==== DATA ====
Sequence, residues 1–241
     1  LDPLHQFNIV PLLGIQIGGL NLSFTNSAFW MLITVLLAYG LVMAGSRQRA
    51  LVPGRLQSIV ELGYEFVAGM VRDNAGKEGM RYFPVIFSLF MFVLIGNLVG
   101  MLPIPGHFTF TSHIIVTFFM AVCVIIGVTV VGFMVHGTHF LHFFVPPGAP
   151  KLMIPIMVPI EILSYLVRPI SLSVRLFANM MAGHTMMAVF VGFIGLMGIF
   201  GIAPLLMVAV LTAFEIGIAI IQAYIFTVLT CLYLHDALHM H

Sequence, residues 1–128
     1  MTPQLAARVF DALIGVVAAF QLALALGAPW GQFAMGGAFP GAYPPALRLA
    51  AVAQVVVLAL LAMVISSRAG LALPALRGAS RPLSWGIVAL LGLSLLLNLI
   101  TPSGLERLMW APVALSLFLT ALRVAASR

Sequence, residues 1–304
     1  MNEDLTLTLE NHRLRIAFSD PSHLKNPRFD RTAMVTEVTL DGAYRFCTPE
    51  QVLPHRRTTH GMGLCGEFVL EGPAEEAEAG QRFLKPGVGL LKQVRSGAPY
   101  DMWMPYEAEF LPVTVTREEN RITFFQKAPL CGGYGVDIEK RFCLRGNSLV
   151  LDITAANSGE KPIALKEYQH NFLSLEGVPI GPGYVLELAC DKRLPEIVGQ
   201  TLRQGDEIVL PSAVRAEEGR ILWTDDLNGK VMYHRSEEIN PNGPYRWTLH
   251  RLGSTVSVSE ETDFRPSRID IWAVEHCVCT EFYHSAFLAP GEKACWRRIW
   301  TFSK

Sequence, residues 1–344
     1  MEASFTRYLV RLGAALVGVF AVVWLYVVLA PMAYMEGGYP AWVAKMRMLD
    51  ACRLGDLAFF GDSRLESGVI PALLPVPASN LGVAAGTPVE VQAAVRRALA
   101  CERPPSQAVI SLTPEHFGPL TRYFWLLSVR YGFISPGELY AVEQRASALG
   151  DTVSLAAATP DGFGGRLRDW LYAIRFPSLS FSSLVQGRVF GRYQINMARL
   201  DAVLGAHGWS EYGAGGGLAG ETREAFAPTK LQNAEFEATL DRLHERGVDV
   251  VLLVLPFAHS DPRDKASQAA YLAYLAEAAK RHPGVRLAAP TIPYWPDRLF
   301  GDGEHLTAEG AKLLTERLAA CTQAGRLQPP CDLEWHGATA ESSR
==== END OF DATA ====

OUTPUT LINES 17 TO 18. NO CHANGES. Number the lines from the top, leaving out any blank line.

   251  RLGSTVSVSE ETDFRPSRID IWAVEHCVCT EFYHSAFLAP GEKACWRRIW
   301  TFSK